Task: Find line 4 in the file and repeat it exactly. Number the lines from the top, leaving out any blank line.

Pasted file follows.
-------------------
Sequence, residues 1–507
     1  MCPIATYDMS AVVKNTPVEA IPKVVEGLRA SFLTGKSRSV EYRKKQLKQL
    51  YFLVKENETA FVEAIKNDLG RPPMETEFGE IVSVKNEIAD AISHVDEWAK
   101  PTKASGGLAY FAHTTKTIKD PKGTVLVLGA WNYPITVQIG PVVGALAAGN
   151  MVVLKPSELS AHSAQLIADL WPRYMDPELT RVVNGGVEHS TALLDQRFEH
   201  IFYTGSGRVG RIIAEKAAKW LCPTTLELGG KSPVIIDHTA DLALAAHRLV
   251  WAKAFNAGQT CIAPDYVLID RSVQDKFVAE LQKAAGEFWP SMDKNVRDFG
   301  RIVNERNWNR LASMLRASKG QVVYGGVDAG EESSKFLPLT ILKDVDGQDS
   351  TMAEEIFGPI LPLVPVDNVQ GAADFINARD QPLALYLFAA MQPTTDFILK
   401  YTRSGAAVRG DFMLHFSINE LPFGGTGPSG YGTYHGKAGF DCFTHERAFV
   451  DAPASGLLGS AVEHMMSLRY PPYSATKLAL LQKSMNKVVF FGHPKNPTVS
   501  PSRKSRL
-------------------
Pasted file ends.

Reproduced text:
   101  PTKASGGLAY FAHTTKTIKD PKGTVLVLGA WNYPITVQIG PVVGALAAGN